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A space mission that could reveal man's destiny is jeopardized by a malfunctioning shipboard computer. A dazzling journey that tops them all -- and showed the way for other effects-packed films that followed.
When Stanley Kubrick recruited Arthur C. Clarke to collaborate on "the proverbial intelligent science fiction film," it's a safe bet neither the maverick auteur nor the great science fiction writer knew they would virtually redefine the parameters of the cinema experience. A daring experiment in unconventional narrative inspired by Clarke's short story "The Sentinel," 2001 is a visual tone poem (barely 40 minutes of dialogue in a 139-minute film) that charts a phenomenal history of human evolution. From the dawn-of-man discovery of crude but deadly tools in the film's opening sequence to the journey of the spaceship Discovery and metaphysical birth of the "star child" at film's end, Kubrick's vision is meticulous and precise. In keeping with the director's underlying theme of dehumanization by technology, the notorious, seemingly omniscient computer HAL 9000 has more warmth and personality than the human astronauts it supposedly is serving. (The director also leaves the meaning of the black, rectangular alien monoliths open for discussion.) This theme, in part, is what makes 2001 a film like no other, though dated now that its postmillennial space exploration has proven optimistic compared to reality. Still, the film is timelessly provocative in its pioneering exploration of inner- and outer-space consciousness. With spectacular, painstakingly authentic special effects that have stood the test of time, Kubrick's film is nothing less than a cinematic milestone--puzzling, provocative, and perfect. --Jeff Shannon
Channel 4 documentary: 2001: The Making of a Myth
Standing on the Shoulders of Kubrick: The Legacy of 2001
Vision of a Future Passed: The Prophecy of 2001
2001: A Space Odyssey - A Look Behind the Future
2001: FX and Early Conceptual Artwork
Look: Stanley Kubrick!
Audio-only interview with Stanley Kubrick
Maybe it was great in the '70s on the big screen or while smoking a joint, but it is now dated. The plot is about one sentence long. Read morePublished 1 day ago by John 1941 a San Diego Oddity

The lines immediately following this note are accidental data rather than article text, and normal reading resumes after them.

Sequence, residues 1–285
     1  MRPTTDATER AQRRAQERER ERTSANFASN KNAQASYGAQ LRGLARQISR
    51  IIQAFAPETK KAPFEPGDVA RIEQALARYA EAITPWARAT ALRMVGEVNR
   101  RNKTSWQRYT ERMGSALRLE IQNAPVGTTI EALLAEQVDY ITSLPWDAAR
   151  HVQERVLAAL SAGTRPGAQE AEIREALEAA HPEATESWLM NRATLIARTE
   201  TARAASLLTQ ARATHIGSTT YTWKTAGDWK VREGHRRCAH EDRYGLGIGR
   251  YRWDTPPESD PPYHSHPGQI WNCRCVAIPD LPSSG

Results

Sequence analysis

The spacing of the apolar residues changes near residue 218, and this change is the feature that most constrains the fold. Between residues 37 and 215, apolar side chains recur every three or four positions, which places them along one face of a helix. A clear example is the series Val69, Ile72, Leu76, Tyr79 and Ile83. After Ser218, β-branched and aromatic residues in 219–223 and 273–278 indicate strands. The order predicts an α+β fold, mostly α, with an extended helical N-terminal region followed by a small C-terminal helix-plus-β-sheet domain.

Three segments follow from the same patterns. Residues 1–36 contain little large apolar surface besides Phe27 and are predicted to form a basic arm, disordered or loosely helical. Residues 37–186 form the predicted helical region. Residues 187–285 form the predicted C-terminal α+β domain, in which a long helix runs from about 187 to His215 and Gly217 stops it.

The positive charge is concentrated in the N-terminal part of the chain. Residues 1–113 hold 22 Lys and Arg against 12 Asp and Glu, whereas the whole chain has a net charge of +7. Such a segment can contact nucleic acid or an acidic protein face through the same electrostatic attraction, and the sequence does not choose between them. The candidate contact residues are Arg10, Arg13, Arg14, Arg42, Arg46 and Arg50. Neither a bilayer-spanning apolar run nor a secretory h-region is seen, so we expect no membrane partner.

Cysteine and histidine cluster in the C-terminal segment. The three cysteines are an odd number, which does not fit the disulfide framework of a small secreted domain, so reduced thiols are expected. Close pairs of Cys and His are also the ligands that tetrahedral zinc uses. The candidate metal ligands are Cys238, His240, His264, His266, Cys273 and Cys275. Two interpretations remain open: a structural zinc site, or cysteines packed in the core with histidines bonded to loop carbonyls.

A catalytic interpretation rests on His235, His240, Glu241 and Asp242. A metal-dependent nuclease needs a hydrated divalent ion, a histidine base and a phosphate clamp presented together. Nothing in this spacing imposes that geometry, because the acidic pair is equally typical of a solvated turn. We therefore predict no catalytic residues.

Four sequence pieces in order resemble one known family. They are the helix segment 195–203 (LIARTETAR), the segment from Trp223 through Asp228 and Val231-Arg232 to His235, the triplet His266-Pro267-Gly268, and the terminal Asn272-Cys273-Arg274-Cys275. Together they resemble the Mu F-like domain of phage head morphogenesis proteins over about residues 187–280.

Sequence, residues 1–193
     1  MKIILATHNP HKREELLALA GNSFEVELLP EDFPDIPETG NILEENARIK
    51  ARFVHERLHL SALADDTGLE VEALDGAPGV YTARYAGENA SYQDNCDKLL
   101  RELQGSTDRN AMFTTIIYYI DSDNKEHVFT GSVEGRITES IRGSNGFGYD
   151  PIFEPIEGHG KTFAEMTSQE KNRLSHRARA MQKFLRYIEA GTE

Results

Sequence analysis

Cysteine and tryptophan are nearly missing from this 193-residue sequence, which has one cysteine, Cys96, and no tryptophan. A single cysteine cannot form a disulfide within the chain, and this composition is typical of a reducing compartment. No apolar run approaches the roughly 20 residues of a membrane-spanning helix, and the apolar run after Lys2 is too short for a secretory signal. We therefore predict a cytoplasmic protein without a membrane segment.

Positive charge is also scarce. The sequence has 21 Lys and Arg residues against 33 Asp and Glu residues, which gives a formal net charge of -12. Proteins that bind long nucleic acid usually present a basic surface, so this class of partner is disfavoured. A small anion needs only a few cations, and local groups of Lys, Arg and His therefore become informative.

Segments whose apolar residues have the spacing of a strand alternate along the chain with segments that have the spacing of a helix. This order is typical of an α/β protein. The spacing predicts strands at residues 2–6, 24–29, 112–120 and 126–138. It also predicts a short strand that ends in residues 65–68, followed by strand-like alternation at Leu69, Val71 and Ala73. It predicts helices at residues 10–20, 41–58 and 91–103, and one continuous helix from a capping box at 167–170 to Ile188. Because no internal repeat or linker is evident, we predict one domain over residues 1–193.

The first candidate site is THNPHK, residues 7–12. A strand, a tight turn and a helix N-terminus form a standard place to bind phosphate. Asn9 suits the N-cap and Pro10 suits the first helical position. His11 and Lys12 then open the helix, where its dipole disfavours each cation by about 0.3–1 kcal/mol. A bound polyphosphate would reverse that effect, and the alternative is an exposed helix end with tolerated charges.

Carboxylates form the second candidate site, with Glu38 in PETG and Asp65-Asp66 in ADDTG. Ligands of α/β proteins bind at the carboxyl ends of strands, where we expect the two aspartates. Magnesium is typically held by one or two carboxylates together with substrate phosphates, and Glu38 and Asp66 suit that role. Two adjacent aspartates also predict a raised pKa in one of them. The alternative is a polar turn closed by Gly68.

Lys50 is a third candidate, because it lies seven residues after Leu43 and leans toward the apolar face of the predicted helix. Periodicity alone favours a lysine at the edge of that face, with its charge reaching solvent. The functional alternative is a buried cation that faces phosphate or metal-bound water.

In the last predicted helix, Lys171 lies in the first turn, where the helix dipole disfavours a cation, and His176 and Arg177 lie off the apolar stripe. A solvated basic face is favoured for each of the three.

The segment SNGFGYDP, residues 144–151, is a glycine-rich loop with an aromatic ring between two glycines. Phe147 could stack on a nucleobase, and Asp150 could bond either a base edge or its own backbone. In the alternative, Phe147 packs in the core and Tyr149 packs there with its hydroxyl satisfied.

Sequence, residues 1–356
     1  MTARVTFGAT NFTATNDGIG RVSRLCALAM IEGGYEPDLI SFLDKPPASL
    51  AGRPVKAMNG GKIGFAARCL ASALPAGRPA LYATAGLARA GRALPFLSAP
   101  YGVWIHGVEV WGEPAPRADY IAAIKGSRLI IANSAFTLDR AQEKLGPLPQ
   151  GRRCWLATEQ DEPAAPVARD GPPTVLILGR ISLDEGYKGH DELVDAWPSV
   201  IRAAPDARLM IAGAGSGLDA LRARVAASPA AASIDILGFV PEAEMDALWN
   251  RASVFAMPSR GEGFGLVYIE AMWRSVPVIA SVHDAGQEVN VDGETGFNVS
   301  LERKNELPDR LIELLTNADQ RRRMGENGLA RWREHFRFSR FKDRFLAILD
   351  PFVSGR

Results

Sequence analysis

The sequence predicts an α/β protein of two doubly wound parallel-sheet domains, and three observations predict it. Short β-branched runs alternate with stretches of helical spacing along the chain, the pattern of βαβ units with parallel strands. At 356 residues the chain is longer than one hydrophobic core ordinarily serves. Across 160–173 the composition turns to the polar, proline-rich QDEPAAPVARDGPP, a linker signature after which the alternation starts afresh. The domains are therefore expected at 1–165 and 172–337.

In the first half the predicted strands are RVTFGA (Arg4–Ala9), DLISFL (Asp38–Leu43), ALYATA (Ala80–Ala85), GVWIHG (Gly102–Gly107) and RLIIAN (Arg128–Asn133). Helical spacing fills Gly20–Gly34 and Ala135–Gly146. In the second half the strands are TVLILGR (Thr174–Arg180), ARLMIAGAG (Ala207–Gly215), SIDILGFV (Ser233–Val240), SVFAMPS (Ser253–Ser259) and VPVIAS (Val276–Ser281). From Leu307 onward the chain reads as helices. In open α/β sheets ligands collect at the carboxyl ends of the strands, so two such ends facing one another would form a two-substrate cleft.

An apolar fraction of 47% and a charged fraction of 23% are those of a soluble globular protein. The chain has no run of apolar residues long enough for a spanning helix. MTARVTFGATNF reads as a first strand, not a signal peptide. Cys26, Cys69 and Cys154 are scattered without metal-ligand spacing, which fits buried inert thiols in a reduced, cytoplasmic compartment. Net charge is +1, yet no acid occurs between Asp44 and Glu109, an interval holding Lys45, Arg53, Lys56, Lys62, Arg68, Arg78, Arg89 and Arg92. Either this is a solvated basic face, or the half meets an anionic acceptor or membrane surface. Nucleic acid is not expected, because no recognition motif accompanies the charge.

Is aggression a prerequisite for the progression of human development? This is one of many questions posed by director Stanley Kubrik in this groundbreaking film. Read morePublished 5 days ago by Matthew Carter
Great movie but the streaming version wasn't the complete movie. Left out the part where the message gets sent to Earth that "All worlds are yours, except Europa. Read morePublished 6 days ago by Amazon Customer
According to Amazon ratings 1 star means "I hate it." yes I hated it. Such a well know and talked about movie, but I guess that's because of what it was to the audiences 40... Read morePublished 7 days ago by Movie Rock
|Topic||From this Discussion|
|Amazon is stupid||
Same here. One semi-workaround is to search the reviews using "blu-ray" as your search key. It's not perfect, but it weeds out a lot of the SD garbage.
Jan 23, 2008 by Michael P. Stewart | See all 23 posts
|Quality of BluRay Disc||
"2001:" Looks OUTSTANDING.
That's my opinion, at least.
When I show off to others the capability of what a Blu-ray disc can do,
this is the title I use.
It is definitely a major step up from the early DVD's,
including some great special features.
If you read the reviews,
you may... Read More
Jan 5, 2009 by Addison Brodrick | See all 54 posts
|Is paying extra for old movies in hd worth it?||
Almost all movies since the dawn of motion picture have been shot on 35mm film. All new hollywood movies are still shot with 35mm cameras. Only a few movies have been shot on HD cameras, like the new starwars movies. HD cameras have a LOWER resolution than 35mm cameras meening that yes old movies... Read More
Oct 18, 2007 by Sir moviefan | See all 22 posts
|Something Got Chopped||
In regards to the uneducated 2.35:1 zealot reviewer, as a Director of Photography, I can state unequivocally that 2001 is supposed to be in 2.20:1 aspect ratio. It was shot in 2.20:1. It was not shot in Cinemascope (or anamorphic Panavision), which is 2.35:1. It was shot with straight lenses in... Read More
Nov 10, 2010 by Gerry | See all 13 posts
|Amazon warning means what?||
I just had a nice chat with Rose, at Amazon, and her replies were so conflicted and confusing, I don't know if even Amazon knows what the notice means. The only really useful info I got from her, was that if it doesn't play, I can send it back for a full refund within 30 days.
Sep 18, 2014 by Kimberly A. Allen | See all 5 posts
|I got a knock-off||Be the first to reply|